Tag Archives: usb

USB Hardware Random Number Generator

This is a USB Entropy Key, cost £42 inc VAT and delivery from a company up in Lancashire.

usb 2-1: new full speed USB device using uhci_hcd and address 2
usb 2-1: New USB device found, idVendor=20df, idProduct=0001
usb 2-1: New USB device strings: Mfr=1, Product=2, SerialNumber=3
usb 2-1: Product: Entropy Key
usb 2-1: Manufacturer: Simtec Electronics
usb 2-1: SerialNumber: M/xxx

I can report that it works fine in Fedora 13 with the open source daemon provided. The entropy can be collected in a file, passed to egd, but by default it is added to the kernel entropy pool for use by /dev/random and things like ASLR.

I love how overengineered (yet cheap) this thing is. From the documentation:

“The Entropy Key uses P-N semiconductor junctions reverse biased with a high enough voltage to bring them near to, but not beyond, breakdown in order to generate noise. In other words, it has a pair of devices that are wired up in such a way that as a high potential is applied across them, where electrons do not normally flow in this direction and would be blocked, the high voltage compresses the semiconduction gap sufficiently that the occasional stray electron will quantum tunnel through the P-N junction. (This is sometimes referred to as avalanche noise.) When this happens is unpredictable, and the occurrence of these events is what the Entropy Key measures.

These noise generators are then coupled to a 72MHz ARM Cortex-M3 CPU on the device. This processor samples the generators at a high frequency, forming a stream of random bytes. These streams of bytes are then analyzed using Ueli Maurer’s universal test for random bit generators whereby the amount of entropy in the streams is estimated rather conservatively. The streams are also exclusive-ORed together and that stream’s entropy is estimated in the same manner. If the raw streams appear to have severely reduced entropy then it indicates a fault in that generator, if the third stream has low entropy then it indicates that the generators have correlated and are not independently gathering entropy. Any of those three states are considered a failure mode and will result in the eKey locking itself out of the host, returning only an error code instead of generating entropy packets.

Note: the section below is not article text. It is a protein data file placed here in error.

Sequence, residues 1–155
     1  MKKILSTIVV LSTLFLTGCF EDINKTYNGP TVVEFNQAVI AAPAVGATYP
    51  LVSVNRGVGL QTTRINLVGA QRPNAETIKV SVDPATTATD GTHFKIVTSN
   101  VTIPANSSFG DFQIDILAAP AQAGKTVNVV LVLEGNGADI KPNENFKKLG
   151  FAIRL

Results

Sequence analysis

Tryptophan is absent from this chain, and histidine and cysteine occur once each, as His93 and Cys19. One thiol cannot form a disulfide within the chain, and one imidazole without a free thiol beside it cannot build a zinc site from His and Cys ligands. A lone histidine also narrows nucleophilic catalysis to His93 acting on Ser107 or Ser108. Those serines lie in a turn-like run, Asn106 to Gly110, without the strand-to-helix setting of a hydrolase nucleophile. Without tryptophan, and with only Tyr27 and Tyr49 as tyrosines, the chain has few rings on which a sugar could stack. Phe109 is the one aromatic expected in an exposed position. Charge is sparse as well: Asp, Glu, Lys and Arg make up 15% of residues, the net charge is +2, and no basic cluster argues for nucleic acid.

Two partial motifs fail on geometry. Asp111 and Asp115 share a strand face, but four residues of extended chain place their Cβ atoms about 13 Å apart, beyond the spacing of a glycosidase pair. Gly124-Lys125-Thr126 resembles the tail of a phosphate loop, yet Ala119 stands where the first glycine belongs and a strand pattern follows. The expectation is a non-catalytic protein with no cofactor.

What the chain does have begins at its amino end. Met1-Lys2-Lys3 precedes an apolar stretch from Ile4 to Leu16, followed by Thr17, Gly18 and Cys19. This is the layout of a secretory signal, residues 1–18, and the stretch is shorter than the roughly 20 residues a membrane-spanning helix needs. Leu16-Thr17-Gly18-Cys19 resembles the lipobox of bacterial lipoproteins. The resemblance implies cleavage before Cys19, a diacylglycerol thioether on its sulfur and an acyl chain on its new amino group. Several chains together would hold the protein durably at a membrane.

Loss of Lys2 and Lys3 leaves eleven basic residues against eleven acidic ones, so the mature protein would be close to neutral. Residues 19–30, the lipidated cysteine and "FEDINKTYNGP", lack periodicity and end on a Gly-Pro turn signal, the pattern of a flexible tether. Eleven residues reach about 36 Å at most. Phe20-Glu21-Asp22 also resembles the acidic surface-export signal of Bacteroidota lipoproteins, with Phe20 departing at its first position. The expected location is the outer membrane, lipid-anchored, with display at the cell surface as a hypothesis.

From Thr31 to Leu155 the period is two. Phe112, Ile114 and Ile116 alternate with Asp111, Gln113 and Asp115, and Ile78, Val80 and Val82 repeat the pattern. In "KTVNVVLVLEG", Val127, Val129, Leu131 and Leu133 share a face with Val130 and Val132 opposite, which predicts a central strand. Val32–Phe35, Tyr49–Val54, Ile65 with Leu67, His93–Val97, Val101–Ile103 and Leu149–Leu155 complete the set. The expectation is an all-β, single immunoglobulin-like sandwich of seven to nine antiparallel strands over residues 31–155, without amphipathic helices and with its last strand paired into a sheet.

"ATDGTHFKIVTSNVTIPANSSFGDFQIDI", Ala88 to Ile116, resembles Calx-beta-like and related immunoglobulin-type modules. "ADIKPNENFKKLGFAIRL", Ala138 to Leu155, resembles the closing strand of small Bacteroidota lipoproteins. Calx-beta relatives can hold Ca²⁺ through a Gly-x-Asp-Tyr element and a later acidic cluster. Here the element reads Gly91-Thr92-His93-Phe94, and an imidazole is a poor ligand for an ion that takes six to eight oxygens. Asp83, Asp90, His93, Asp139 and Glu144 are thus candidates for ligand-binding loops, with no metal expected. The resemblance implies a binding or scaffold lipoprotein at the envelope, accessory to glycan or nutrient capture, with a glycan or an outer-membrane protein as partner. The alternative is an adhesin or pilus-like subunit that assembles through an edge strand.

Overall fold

The two raw streams are then processed further in a de-biasing process invented by John von Neumann. Their entropy is estimated after the de-biasing process has been performed. Again, if the estimated entropy in the streams is seen to vary too wildly at this stage, the Entropy Key will lock itself out. The processed streams are then mixed into a pool made with a secure hashing function. Once at least 50% more (estimated) entropy has been mixed into the pool than it could possibly hold it is finalised and another pool initialised. Once enough pools have been processed to fill 20000 bits, the totality is subjected to the tests stipulated in FIPS 140-2. These tests produce a PASS/FAIL indicator for the block. On its own, this is not useful, since a perfectly random block could quite plausibly fail the tests. The Entropy Key therefore keeps running statistics on the FIPS 140-2 tests and will lock itself out if the ratio of failed blocks to passed blocks rises above a conservative estimate of the statistical likelihood of failure.

Once the block has been analysed, regardless of its PASS/FAIL indication, it is chopped up into 32 byte packets and these are handed off to the protocol handler in the device. Through this process therefore, each 256 bit block of data handed to the host was formed from somewhere in the region of between 3000 and 5000 bits read from the generators.”



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